One of the most annoying thing I did during the development of our web projects was to keep our apps running smooth in a wide range of old browsers. Not too many years ago, there was only one "king" in the browser's kingdom: Microsoft Internet Explorer. King is a little bit unappropriated, however on February, 2005, IE 6 was pumping the web engines with a market share of 82.79%, what is a quite impressive number.
Excluding the security problems, the non W3C compliant behavior and other issues, IE6 as the only major browser would be a great deal to all web developers. The existence of just one browser means few environments to test and few compatibility if/elses. The web-developers burden, however, was far from being released.
In 1996, Opera was first released publicly with version 2.0. Coming next, Apple first released Safari as a public beta on January 7, 2003. Following the flow, in November 9, 2004, Mozilla came up with Firefox 1.0. The last one to join the party was Google Chrome, released as a public beta on September 2, 2008. With the built-in markup madness that HTML allows and with no clear rules for how a browser should behave, the web development became a nightmare.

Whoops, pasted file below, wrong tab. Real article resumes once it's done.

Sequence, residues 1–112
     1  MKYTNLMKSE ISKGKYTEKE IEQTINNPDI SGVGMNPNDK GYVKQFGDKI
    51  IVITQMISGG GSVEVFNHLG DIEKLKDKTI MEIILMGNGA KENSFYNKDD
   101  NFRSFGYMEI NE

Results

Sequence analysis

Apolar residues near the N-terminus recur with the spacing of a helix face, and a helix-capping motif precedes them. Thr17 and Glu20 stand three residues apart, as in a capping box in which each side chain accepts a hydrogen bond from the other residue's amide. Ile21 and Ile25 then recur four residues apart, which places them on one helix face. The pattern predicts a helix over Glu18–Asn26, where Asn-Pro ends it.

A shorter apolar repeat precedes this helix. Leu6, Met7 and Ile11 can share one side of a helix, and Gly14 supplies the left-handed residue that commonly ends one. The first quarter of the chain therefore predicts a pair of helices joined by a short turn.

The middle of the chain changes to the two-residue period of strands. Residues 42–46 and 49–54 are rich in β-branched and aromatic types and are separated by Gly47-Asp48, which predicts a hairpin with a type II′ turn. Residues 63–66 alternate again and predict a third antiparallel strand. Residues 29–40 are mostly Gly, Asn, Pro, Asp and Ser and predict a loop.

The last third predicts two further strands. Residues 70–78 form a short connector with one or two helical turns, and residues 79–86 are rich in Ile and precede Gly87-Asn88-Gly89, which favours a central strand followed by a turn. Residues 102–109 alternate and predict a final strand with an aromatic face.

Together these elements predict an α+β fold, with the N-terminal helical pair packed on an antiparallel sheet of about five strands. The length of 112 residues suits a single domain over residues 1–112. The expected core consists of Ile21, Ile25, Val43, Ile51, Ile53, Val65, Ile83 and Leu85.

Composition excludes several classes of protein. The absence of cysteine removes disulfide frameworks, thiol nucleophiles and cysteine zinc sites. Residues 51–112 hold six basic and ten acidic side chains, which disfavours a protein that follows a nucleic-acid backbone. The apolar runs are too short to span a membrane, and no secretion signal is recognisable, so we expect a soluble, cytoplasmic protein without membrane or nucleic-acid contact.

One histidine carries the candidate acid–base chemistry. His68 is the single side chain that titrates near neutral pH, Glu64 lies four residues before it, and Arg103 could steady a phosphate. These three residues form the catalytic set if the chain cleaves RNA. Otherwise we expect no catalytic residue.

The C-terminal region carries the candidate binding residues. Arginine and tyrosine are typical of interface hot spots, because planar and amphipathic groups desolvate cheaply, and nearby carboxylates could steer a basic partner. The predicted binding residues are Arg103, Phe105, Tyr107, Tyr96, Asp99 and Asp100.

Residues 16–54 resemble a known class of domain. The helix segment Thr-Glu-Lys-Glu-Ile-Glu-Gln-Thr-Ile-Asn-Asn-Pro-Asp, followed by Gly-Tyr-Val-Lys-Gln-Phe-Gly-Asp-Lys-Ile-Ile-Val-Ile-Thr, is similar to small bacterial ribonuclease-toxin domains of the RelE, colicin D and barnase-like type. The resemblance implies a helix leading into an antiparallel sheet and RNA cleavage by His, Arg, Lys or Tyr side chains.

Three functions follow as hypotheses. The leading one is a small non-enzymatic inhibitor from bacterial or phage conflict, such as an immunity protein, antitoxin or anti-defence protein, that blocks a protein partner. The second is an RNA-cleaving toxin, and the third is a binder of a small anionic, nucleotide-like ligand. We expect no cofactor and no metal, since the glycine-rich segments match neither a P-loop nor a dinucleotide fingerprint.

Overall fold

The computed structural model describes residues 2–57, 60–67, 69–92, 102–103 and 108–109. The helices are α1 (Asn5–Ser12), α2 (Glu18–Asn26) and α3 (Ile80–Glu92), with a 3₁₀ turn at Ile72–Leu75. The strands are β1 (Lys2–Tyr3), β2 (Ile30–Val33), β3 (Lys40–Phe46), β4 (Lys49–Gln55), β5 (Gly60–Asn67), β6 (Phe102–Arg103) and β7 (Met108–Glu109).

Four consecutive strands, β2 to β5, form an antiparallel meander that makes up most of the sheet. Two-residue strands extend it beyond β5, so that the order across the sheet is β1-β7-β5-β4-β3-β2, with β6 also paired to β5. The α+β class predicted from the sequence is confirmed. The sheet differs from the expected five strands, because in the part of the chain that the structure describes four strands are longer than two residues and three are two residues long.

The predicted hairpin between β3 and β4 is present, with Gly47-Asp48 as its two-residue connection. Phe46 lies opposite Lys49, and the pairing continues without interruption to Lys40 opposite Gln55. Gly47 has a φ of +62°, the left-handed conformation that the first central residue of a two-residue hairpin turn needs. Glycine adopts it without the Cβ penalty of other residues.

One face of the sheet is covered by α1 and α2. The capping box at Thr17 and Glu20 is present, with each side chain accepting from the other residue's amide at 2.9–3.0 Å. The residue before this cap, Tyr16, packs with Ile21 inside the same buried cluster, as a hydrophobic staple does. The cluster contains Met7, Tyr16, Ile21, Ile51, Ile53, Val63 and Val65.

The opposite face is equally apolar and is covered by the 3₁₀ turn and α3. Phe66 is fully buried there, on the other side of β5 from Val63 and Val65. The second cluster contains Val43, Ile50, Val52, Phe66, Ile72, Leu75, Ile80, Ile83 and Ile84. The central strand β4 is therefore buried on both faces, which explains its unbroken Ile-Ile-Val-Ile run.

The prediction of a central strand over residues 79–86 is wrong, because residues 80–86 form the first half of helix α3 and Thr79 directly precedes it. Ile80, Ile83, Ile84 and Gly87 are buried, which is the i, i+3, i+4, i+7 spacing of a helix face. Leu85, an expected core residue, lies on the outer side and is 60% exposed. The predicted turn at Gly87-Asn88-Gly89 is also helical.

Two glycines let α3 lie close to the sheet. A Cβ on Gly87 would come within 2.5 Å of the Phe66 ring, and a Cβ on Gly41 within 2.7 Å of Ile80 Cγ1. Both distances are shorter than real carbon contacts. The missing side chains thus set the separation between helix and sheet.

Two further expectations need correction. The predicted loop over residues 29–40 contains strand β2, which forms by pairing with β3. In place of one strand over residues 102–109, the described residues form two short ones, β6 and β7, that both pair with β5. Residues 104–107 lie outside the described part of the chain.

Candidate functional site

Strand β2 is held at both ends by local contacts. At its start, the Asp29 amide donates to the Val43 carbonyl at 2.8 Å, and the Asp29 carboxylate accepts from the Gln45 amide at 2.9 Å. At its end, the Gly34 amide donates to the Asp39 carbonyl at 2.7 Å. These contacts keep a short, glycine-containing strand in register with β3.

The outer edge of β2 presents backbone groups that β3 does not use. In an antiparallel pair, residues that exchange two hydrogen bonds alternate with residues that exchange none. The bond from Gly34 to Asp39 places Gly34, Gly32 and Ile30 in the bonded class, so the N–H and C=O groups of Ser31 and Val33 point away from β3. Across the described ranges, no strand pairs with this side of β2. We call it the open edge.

Luckly things got better and the development of major browsers started to have its foundations over W3C standards and performance worries. Every new version of each browser introduced a set of brand new stuffs, including security improvements and higher Acid scores. Everything would be great, except for one huge problem: IE6, an old and obsolete browser, is still widely used!
That problem drastically increases the complexity of web apps, because developers, in order to ensure the website will look fine, have to workaround all the stupid things IE6 does. As the WordPress guys usually say, "code is poetry"; in my opinion IE6 compatibility code is classified as a bunch of ugly words within a rhyme. It's time to move on, let IE6 go!
To tell that to your users, a good approach is the ie6 upgrade warning. It is a little script (7.9kb) that displays a warning message politely informing the user to upgrade the browser to a newer version (links to newest IE, Firefox, Opera, Safari, Chrome are provided).
Make the Internet a better place, let old things in the past and move on to the new ones. Upgrade your browser.